Jay Noal Lawhon (1919–2003)
Jay Noal Lawhon of McCrory (Woodruff County) was a star Razorback football player. He was drafted by the Philadelphia Eagles in 1944 but turned down the offer on doctor’s advice. During World War II, Lawhon served in the U.S. Navy Air Corps. After the war, he taught vocational agriculture in Arkansas high schools and was a high school principal. He was the founder of Lawhon Farm Services, the 1988 Arkansas Business of the Year. In 1975, Lawhon and wife Lillian founded a non-denominational charity, the World Christian Relief Fund, Inc. (WCRF).
Jay Lawhon was born on July 16, 1919, in Monarch (Marion County), a small hill community near Harrison (Boone County), to Thomas Jefferson and Sarah McPherson Lawhon. He was one of seven children.
Lawhon attended high school during the Great Depression in Lead Hill (Boone County) and Harrison and graduated from Catholic High School in Little Rock (Pulaski County). His family moved him from school to school in the hope his football skills would help him get a college education. Lawhon was offered three college scholarships. Jay “Mule” Lawhon received a four-year scholarship to the University of Arkansas (UA) in Fayetteville (Washington County) to play Razorback football; this allowed him to get a BSA in agriculture in 1943, and he became an Honorable Mention Football All-American. He was drafted into the National Football League’s Philadelphia Eagles after college, but he re-injured a knee during Naval cadet training and, on the advice of his physicians, ended his professional football career before it began.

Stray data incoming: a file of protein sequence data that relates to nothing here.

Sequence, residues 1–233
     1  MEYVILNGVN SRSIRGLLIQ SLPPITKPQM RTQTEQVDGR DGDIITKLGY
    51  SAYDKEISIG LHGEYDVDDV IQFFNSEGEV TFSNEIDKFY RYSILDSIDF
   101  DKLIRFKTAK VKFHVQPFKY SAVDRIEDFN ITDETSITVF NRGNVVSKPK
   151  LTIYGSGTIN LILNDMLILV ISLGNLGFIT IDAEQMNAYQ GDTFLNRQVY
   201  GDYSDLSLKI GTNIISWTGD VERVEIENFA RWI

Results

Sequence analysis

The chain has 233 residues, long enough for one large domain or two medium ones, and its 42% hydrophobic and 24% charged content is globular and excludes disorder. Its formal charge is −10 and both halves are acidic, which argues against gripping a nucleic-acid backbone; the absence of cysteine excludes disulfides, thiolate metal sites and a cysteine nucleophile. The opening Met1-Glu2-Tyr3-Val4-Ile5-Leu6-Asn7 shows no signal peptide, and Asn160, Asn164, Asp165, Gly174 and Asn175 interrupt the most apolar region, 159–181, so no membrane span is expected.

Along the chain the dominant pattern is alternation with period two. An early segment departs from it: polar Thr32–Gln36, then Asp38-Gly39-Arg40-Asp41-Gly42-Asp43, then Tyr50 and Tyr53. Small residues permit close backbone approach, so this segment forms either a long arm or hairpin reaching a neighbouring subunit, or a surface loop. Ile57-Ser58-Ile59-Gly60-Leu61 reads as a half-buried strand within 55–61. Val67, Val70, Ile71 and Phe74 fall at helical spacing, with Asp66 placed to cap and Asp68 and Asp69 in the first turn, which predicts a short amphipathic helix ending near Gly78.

Jay married Lillian Swanson Lawhon of McCrory on October 6, 1944. They had one son, Jay Noal Lawhon Jr.
After World War II, Lawhon began teaching vocational agriculture in high school. He taught in Desha (Independence County), Searcy (White County), and McCrory, where he was high school principal for four years. He changed careers to work with agricultural businesses in West Memphis (Crittenden County) and Forrest City (St. Francis County). He founded Lawhon Farm Services in McCrory in 1959; it began as a two-person operation, with Lawhon working as manager, truck driver, head salesman, and mechanic, while his wife kept the books and worked as a salesperson. Northeast Arkansas was changing from a feudal-sharecropper agricultural cotton economy into a more varied, independent, farmer-owned region, growing rice, soybeans, and wheat. During the next twenty-five years, after which Lawhon turned the business over to his son, it expanded to five more locations throughout the state, with business interests throughout the South, and was named Arkansas Business of the Year in 1988, three years after Lawhon and his wife retired. It has since become one of the largest seed providers in the South.